This study describes deep sedations performed for painful procedures completed in the emergency department at an academic tertiary care hospital during an 18-month period. One hundred consecutive cases were retrospectively reviewed to describe indications, complications, procedural lengths, medication dosing, and safety of these sedations. Propofol and etomidate were the preferred agents. We found that there were relatively few complications (10%), with only 2 of these (2%) being major complications. All complications were brief and did not adversely affect patient outcomes. This data further demonstrate the safety profile of deep sedation medications in the hands of emergency physicians trained in sedation and advanced airway techniques.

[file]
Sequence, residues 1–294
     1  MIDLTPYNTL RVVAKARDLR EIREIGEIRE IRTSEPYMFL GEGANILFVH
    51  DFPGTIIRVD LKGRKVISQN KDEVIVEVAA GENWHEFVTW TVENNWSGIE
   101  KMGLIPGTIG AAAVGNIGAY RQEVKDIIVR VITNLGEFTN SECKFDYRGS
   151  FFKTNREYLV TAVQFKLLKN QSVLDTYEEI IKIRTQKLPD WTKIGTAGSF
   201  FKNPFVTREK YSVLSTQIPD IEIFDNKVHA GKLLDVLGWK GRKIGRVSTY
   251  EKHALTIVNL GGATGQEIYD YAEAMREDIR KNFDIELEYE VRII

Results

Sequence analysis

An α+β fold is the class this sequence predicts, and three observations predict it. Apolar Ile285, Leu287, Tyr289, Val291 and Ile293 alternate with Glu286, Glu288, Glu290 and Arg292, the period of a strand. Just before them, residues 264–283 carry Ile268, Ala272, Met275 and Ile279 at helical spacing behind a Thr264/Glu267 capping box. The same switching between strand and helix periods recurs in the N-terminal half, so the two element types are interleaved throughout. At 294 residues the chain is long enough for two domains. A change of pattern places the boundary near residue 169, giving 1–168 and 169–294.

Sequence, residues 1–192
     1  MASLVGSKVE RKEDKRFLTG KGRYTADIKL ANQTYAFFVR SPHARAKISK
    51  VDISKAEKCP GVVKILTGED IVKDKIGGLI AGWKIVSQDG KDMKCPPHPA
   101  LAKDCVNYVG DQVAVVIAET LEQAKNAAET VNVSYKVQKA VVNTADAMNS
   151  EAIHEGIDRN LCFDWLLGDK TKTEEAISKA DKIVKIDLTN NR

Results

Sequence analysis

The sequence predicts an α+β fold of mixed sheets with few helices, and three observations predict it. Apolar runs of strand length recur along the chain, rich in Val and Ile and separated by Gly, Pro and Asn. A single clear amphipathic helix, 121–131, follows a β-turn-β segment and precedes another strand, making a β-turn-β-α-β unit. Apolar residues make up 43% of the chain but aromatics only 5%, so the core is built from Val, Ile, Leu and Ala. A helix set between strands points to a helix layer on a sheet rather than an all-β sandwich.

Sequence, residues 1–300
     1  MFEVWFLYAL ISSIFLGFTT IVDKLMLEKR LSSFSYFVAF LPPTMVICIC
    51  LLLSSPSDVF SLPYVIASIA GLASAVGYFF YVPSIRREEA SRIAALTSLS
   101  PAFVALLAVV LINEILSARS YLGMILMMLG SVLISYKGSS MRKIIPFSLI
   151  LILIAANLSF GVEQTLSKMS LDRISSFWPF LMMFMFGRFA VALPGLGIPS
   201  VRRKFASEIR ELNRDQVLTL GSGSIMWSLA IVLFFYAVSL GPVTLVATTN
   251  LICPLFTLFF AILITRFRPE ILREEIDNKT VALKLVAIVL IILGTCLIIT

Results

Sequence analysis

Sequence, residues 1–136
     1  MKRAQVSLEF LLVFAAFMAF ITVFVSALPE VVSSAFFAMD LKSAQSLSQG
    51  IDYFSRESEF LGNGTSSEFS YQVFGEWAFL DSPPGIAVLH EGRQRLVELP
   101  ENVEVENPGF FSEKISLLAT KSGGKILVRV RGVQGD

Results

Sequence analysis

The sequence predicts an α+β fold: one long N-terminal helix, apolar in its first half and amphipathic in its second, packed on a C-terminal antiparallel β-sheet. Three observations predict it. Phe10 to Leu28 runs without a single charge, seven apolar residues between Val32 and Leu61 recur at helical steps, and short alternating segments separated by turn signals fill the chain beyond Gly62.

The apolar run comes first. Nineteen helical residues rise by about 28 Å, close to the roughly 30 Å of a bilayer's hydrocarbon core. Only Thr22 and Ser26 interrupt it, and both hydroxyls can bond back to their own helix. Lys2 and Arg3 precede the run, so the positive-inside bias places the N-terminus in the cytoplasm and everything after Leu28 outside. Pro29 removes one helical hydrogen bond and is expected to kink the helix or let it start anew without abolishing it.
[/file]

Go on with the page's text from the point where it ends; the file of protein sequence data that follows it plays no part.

Despite its widespread use in North America and many other parts of the world, the safety of etomidate as an induction agent for rapid sequence intubation in septic patients is still debated. In this article, we evaluate the current literature on etomidate, review its clinical history, and discuss the controversy regarding its use, especially in sepsis. We address eight questions
With regard to sedative agents used in procedural sedation and analgesia (PSA), such as etomidate, the focus has been on variables usually related to side effect profile and the success rates of various procedures, with both variables specifically taking place during the patients’ stay in the emergency department (ED). There have been no extensive data on the functional status of patients after they leave the ED following PSA.